This party must come back to its roots, its origins. The years of Teddy Roosevelt and the magic he inspired. If they will not- then they must be defeated, for all the reasons I mentioned above, but most of all, if we are to protect lands, end our addiction to oil, and live in harmony with wildlife, stopping them is not about politics, but rather survival.
It comes back to morality, the morality reflected in the magic that is our planet. Something the Republican party of 2014 has turned a blind eye to.

More Morning Meanderings of a Madcap Misanthropist

SmalfutLately I’ve made reference to Bigfoot—that legendary creature that people occasionally claim to see in the Northwest forest, but who have yet to be physically proven—as an analogy for the oft-cited but never really sighted mythical character the “ethical hunter.” The latter, of course, is a contradiction in terms. How can a person make sport of killing of animals in the prime of their lives and call themselves “ethical?”

But aside from the myth factor, the comparison is flawed. Bigfoot are said to be peaceful, self-sufficient vegetarians who live in harmony with the rest of life around them. ( Naturally, they avoid humans like the plague.)

The idea that a human-like creature can fit in with their environment and not destroy it does seem far-fetched these days. But for hundreds of thousands of years, our earliest ancestors lived alongside Australopithecus robustus, a plant-eating hominid who just tried to mind their own business until our direct carnivorous cousins killed or drove them off (just as gorillas of today’s world are falling victim to the bush meat trade.)

Upon reflection, human hunters, even those claiming to be the “ethical” ones, don’t deserve to be mentioned in the same sentence as higher beings like Bigfoot. Although a general rule of thumb may be, the more human-like, the more destructive, Bigfoot is a hopeful exception. The notion of a peaceful, inoffensive, upright two-legger is refreshing indeed.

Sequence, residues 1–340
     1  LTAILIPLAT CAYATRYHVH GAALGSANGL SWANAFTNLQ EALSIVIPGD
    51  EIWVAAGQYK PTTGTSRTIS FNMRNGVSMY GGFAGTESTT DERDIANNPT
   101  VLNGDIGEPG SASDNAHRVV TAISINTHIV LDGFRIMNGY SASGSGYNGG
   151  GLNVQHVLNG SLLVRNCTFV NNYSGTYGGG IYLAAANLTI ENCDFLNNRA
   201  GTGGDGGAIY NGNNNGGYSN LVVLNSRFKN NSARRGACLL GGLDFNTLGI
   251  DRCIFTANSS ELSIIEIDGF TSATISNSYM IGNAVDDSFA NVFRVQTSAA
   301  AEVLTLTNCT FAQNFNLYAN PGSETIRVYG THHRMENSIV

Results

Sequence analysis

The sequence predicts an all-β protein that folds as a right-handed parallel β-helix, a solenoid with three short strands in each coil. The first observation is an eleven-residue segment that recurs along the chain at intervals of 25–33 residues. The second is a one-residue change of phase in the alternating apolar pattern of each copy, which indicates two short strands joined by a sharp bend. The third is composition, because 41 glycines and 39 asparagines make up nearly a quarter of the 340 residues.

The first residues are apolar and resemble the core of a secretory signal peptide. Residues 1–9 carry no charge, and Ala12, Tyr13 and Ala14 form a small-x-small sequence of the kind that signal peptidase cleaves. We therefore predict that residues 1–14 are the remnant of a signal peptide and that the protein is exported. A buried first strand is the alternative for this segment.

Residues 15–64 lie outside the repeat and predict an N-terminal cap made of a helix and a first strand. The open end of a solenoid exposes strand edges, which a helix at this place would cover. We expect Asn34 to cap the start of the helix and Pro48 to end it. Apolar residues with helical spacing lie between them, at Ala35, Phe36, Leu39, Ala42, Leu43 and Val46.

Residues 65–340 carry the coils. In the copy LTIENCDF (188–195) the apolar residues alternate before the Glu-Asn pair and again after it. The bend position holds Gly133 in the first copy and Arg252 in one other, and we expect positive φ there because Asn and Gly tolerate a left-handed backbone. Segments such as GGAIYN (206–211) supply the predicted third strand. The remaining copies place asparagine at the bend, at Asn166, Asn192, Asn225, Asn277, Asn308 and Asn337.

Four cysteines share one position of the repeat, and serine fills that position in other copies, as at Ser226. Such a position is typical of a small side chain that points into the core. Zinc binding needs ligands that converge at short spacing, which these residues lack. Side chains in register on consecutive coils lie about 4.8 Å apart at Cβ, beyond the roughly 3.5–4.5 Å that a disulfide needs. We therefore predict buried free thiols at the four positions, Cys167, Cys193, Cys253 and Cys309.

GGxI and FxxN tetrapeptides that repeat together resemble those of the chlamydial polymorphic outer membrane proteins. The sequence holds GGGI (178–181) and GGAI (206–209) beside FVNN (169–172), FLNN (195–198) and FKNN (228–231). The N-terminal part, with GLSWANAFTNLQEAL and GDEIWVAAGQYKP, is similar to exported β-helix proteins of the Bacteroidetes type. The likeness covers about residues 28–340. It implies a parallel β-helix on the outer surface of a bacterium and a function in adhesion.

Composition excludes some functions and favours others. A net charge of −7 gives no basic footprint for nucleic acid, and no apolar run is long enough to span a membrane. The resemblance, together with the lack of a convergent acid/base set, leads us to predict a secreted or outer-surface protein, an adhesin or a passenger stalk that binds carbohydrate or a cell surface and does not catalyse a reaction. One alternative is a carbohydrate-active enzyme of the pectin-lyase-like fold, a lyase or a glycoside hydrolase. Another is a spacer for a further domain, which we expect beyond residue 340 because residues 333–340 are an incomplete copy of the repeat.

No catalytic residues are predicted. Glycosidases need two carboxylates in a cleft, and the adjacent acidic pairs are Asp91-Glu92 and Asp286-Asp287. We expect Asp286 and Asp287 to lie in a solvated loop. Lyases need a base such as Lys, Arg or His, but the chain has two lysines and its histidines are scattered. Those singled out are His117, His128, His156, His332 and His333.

L-R, Bob Titmus, Jim Robertson at Harrison Hot Springs, B.C., with some of Bob's casts

L-R, Bob Titmus, Jim Robertson at Harrison Hot Springs, B.C., with some of Bob Titmus’ bigfoot casts. Circa 1980

“…how easy it is to do nothing” and other Ouotes On Overopulation

Sir David Attenborough – naturalist b1926
“The human population can no longer be allowed to grow in the same old uncontrolled way. If we do not take charge of our population size, then nature will do it for us.”

Jane Goodall – conservationist b1934
“It’s our population growth that underlies just about every single one of the problems that we’ve inflicted on the planet. If there were just a few of us, then the nasty things we do wouldn’t really matter and Mother Nature would take care of it — but there are so many of us.”

Michael Palin – comedian b1943
“The greatest politically charged challenge facing our planet? Unchecked population growth.”

Helen Mirren – actor b1945
“…I think still it is very fine not to want children. There are far too many people in the world. It is my contribution to ecology.”

Gore Vidal – writer 1925 – 2012
“Think of the Earth as a living organism that is being attacked by billions of bacteria whose numbers double every 40 years. Either the host dies, or the virus dies, or both die.”

Jeremy Irons – actor b1948
“One always returns to the fact that there are just too many of us, the population continues to rise and it’s unsustainable.”

Jane Fonda – actor and activist b1937
“There’s lots to worry about these days but you know what worries me most: the news I read day before yesterday that by something like 2045 there will be 10 billion people on the planet — or more! I’m scared. I’ll be gone but I am scared for my grandchildren and for the wild animals and for the whole human race.”

Isaac Asimov – author 1920 – 1992
“…democracy can not survive overpopulation. Human dignity cannot survive it. Convenience and decency cannot survive it. As you put more and more people into the world, the value of life not only declines, it disappears. It doesn’t matter if someone dies. The more people there are, the less one individual matters.”

“Which is the greater danger — nuclear warfare or the population explosion? The latter absolutely! To bring about nuclear war, someone has to do something; someone has to press a button. To bring about destruction by overcrowding, mass starvation, anarchy, the destruction of our most cherished values-there is no need to do anything. We need only do nothing except what comes naturally — and breed. And how easy it is to do nothing.”